I never knew the control that the Ethiopian government has on society until I got here.

You can’t get a sim card without a residency permit, and there’s only one government-owned cell phone network. Non-government publications are illegal. Recent laws were passed to oust all NGOs that work in human rights (a rather suspect move on the part of the government…). There’s bureaucracy to the extreme when it comes to building permits – the local government removed the roof of our workshop before it was finished because we didn’t have all of our papers and refused to bribe them. The internet is regulated; Skype and blogspot were banned. In fact, the government somehow prevents all emails with the word “skype” in them from being sent, so I opt for typing “sk?pe” instead. Take that, Ethiopian government! I’ve tricked you.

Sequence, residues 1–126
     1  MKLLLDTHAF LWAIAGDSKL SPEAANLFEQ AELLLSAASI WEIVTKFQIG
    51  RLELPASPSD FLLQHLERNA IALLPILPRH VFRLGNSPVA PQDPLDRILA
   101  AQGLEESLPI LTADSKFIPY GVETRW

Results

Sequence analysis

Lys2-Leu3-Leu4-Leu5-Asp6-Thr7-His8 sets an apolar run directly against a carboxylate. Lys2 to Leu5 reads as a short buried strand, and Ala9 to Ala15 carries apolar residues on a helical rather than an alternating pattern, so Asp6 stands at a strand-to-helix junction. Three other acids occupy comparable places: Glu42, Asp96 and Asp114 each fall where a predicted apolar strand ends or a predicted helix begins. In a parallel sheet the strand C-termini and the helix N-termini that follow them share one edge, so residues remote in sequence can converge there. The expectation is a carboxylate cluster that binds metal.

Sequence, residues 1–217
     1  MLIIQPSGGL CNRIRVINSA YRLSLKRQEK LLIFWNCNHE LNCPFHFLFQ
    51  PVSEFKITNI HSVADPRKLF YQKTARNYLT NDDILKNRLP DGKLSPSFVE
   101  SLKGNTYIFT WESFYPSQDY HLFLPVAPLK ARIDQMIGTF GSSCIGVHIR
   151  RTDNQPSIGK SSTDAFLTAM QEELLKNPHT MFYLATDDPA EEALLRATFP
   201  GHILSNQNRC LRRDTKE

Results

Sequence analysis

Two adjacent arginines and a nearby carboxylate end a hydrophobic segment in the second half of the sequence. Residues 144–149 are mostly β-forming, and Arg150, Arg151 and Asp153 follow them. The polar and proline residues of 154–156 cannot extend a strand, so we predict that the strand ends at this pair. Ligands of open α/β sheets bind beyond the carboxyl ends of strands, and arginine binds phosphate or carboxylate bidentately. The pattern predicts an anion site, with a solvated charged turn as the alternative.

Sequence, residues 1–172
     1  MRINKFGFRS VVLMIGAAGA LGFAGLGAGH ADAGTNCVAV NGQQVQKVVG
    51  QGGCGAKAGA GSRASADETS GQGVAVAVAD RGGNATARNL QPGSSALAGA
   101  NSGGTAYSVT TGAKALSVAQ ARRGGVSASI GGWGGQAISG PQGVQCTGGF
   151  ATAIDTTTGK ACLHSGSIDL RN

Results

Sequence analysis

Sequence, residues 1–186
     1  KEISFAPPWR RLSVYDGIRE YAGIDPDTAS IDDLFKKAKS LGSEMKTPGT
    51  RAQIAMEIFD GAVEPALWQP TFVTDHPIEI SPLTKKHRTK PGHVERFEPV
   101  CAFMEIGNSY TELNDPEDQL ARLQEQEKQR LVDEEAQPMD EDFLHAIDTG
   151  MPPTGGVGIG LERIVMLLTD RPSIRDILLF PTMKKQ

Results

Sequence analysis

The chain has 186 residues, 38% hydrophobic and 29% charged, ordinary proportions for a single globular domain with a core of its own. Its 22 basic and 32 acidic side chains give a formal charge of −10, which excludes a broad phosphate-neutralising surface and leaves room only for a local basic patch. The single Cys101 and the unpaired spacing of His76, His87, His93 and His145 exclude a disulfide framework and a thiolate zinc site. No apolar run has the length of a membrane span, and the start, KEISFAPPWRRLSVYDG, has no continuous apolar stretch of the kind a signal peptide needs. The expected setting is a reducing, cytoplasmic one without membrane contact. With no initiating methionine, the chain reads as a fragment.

I’m not big into politics and government, but I’m starting to realize how much influence it can have on daily life. Working in Ethiopia is made difficult every day due to excessive government bureaucracy. You can also see the effect that the government has on the people. Some Habeshas are willing to speak up about what they dislike, but many are afraid. They don’t want the government to know if they’re not reporting all of their market sales. They don’t want to share their true opinion for fear that it will get back to a government official. I have also found that people are quick to say “No, that is not possible” if there’s not an easy answer. They accept the current state of affairs, and have little hope that another order is possible and the situation will change.

But then I see hundreds of Obama T-shirts that say “Yes we can!” floating around the streets. Maybe there is a bit more hope than initially meets the eye.